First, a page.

My Best Friend’s Sister’s Brother’s Boyfriend’s Girlfriend Said Ferris Bueller Turns 25 Today

Linkage now, concert announcement tomorrow (sorry for the delay):

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Here’s your latest pop culture anniversary to make you feel really, really old. 25 years ago today, Ferris Bueller’s Day Off hit theaters. 25 friggin’ years ago. I’m pretty sure I just felt a bunch of hair fall off my head and my back start to hurt. I’d probably rank it as my #2 John Hughes-written movie behind Sixteen Candles and just ahead of Vacation and Mr. Mom. I didn’t see it in the theaters, I was only 11 and not allowed to see PG-13 movies at the time. The first time I saw it was at a sleepover a couple years later. I remember watching, rewinding, watching again and actually slow-mo-ing and freeze-framing the scene where Jeanie/Shauna kicks Ed Rooney in the face three times when he breaks into the Bueller house.

OK, that just made me laugh really hard. We probably watched it about 40 times. It was one of those weird things that went from hysterical to funny to boring to “Can we please watch the rest of the movie before I call my parents for a ride???” then all the way back to totally hysterical again. Thank God there’s never been a sequel because the original is still a go-to quote machine for everyday situations. Whenever I’m watching any kind of game and soemone asks me who’s winning, I instinctively say, “The Bears” in the most sarcastic voice I can muster. If I don’t want to go somewhere, I’ll go into the Cam thing, “He’ll keep calling me, I’ll go, I’ll go, I’ll go …” Whenever someone asks me “So and so, you know him?” I say, “Yeah, he’s getting me out of summer school.” It’s safe to say I’m a pretty annoying person to be around if you don’t like movies and TV. And that’s before we even hit “Nine times” or the Ben Stein stuff.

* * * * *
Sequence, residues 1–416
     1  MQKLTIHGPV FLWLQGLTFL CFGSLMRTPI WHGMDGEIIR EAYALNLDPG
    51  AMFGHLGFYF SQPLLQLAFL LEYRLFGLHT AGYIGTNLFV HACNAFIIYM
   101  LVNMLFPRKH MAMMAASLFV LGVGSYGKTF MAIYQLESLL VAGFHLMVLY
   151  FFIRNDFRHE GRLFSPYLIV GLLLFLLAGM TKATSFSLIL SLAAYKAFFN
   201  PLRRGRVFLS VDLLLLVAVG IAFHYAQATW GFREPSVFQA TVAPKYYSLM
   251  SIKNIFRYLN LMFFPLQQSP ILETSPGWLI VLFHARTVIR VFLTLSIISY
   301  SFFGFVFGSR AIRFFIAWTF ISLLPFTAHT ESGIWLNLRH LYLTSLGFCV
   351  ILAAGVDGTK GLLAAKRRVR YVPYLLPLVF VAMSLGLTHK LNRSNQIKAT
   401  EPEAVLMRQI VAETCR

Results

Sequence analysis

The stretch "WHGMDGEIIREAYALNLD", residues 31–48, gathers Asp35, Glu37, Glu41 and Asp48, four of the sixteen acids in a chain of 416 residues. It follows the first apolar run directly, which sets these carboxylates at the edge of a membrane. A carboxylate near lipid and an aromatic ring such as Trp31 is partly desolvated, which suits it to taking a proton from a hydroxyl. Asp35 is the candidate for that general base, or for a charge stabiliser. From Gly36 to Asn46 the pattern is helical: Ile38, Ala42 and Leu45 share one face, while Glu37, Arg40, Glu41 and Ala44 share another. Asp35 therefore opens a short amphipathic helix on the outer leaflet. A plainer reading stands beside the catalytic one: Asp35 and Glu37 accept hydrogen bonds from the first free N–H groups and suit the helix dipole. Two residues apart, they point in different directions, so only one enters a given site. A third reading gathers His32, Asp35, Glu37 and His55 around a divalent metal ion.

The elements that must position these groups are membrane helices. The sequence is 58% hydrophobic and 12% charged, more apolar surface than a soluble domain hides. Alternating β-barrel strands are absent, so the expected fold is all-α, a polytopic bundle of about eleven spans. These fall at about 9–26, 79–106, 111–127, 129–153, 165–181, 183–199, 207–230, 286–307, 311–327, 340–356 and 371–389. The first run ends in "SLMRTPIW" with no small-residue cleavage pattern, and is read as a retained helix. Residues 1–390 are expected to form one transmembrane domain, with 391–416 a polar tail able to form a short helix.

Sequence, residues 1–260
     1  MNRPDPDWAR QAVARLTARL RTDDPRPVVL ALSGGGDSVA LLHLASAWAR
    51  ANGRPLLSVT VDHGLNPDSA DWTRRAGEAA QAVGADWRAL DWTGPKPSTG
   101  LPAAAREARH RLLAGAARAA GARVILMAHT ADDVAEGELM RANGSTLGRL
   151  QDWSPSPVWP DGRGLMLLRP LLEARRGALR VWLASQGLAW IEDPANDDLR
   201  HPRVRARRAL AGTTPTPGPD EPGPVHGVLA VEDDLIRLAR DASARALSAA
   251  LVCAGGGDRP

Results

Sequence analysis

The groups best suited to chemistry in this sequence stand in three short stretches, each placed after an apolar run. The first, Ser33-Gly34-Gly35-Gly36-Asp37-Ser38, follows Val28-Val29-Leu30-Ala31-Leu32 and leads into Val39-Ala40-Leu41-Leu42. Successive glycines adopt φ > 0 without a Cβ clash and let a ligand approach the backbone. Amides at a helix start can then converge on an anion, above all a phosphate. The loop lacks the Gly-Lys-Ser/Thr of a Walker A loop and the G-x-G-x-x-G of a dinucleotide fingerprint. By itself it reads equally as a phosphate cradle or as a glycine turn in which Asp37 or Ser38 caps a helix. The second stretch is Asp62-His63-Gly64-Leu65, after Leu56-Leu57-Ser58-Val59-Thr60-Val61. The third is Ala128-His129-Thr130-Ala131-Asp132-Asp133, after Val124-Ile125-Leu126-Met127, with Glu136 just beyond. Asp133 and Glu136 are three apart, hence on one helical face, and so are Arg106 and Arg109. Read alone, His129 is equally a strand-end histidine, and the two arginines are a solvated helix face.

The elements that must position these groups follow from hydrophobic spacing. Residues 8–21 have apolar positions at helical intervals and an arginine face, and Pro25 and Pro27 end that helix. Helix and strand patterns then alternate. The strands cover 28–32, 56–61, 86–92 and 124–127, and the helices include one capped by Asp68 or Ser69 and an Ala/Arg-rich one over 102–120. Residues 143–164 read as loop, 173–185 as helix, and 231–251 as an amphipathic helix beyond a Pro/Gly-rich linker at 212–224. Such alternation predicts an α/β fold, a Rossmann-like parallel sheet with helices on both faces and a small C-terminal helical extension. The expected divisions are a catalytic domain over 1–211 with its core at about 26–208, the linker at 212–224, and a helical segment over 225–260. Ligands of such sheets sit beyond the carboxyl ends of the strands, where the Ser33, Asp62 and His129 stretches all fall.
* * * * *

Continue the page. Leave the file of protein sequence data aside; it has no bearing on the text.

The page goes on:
my streak of predicting summer box office bombs is at stake

my streak of predicting summer box office bombs is at stake

Ho-hum weekend at the box office, but this should be the last boring weekend until August. Super 8 did just about what everyone thought at $37 million, everything else dropped as per the usual — except for Bridesmaids, with only dropped in the teens. It’s going to take a lot for anything to beat it out for the breakout hit of the summer. Anyway, this is it for boring weekends. The July 8 weekend looks blah on the surface with only the turd of Zookeeper and the decidedly dark comedy Horrible Bosses on the slate, but there will still be Transformers and Larry Crowne to watch. My most anticipated box office weekend is the one coming up when Green Lantern comes out. I’m sticking by my original prediction, that the movie doesn’t really make much more than $90 million and becomes the summer’s biggest bomb. I’m a little worried about how aggressive the marketing is, that’s going to give it some extra juice. There aren’t any reviews for it out yet, but I just looked and Roger Ebert has it on his schedule to be reviewed. So there will be a review in Weekend on Friday. I’m not expecting good things.